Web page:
On November 14 2018, Keele University organised an event called ‘Food Unwrapped’ as part of the Economic and Social Research Council’s (ESRC) Festival of Social Sciences 2018. Speakers and delegates considered issues such as food poverty, food and well-being, food and waste, and recycling. The event was led by Emma Surman, Community Animation and Social Innovation Centre (CASIC). Ceri Morgan led a geopoetics activity whereby participants could choose a writing prompt and respond to it if they wished. Prompts included food memories, smellscapes, and a visit to Keele allotments.
In November 2017, Deirdre McKay and other members of the Hacking Plastic team at Keele University put on two days of workshops at B-Arts, Stoke-on-Trent for Being Human (a Festival for Humanities). Ceri Morgan led a creative writing workshop aimed at getting participants to think about (and rethink) their relationships to plastic.
In a (partial) challenge to Guy Debord’s infamous assertion, ‘wandering in open countryside is naturally depressing’ (1956), participants were invited to take part in a psychogeographic game. Players were able to choose a folded creative prompt or two (or more) and follow it or them if they so wished, with the only rules concerning safety, respecting other people’s desire for silence if signalled, and stopping if the game ceased being enjoyable.
In November 2016, Ceri Morgan led a geopoetics workshop in Silverdale Country Park to commemorate the anniversary of the Aberfan Disaster. In October 1966, a colliery spoil tip collapsed on Pantglas Junior School in the South Wales village, killing most of the pupils and teachers inside. Having a family connection to the event, Morgan wanted to pay tribute to the victims and survivors of Aberfan and other mining disasters. She also wanted to celebrate the cultural heritage of the coal-mining industry. A small group of undergraduate and postgraduate students, lecturers, parish councillors, an archivist, a former miner and his wife spent an hour at Country Park, former site of a coal mine. Afterwards, several participants wrote, revised, or composed texts based on the experience.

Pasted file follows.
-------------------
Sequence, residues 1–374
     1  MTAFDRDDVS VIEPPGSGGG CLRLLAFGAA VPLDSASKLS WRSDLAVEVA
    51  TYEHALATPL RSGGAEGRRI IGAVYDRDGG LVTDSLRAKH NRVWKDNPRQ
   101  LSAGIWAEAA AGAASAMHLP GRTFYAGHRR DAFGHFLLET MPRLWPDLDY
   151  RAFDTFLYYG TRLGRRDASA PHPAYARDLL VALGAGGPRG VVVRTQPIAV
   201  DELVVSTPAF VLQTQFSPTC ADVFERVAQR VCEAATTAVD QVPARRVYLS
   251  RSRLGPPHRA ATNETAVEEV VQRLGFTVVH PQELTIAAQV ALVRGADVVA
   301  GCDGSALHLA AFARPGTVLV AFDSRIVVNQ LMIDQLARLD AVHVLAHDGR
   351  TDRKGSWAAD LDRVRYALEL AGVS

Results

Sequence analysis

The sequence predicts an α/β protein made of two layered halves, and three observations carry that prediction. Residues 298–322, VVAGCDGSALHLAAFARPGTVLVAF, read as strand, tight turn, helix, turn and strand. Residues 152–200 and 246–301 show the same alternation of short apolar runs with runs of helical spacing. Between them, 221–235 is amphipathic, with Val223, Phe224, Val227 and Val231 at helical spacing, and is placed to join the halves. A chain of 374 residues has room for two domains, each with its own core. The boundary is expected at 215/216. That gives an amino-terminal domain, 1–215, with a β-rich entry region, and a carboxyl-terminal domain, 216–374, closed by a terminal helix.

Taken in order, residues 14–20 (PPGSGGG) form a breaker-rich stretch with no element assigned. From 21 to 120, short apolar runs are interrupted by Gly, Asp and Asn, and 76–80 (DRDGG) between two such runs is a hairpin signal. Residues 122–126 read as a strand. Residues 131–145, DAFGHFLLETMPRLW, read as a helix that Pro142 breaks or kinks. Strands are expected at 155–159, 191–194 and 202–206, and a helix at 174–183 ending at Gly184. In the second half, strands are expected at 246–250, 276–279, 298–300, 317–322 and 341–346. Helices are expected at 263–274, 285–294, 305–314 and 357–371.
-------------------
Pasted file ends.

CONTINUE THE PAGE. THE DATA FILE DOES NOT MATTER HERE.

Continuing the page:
In November 2017, extracts from the revised creative texts, along with photographs and extracts from informal oral history interviews with some of the participants were exhibited at Silverdale Community Library. A launch with readings and performances was attended by a mixture of Keele staff and students, local residents, and former miners.
Supported by a British Academy small research grant (2016-17), Ceri Morgan and media artist Philip Lichti made a digital map of fictional Montreal featuring some of the city’s best-known writers.
This day-long workshop featured paper presentations, a geopoetics walk, readings, a writing retreat and a zines workshop by Molly Drummond.
The Dawdlers took up the practice of collective tweets undertaken by colleagues at la Traversée (with permission). In Summer 2017, we collectively tweeted creative writing on the themes of parks and gardens, using #dérive. These were often retweeted by our Montreal colleagues at La Traversée.
I wanted a garden. So my father made me one. July days; a gift of love (Ceri Morgan)
As part of the Back to the Drawing Board exhibition held at Keele University (Autumn-Winter 2016-17) to pay tribute to Pat Albeck and Peter Rice, Ceri Morgan led a geopoetics workshop hosted by Emma Bridgewater Factory, Stoke-on-Trent. Texts produced following the April 2016 workshop were displayed at Keele University alongside photographs and extracts from informal interviews with former pottery workers. Viewers of the exhibition were invited to take part in creative writing workshops led by novelist Jen Campion. There was also the opportunity to share memories of the Potteries via a live video booth.
In March 2015, Ceri Morgan led a field trip to the Spode Works in Stoke-on-Trent for students on her final year module, Writingscapes. Participants had an hour at the former factory site and then returned to Keele University campus for a creative writing workshop with novelist, Christopher Prendergast.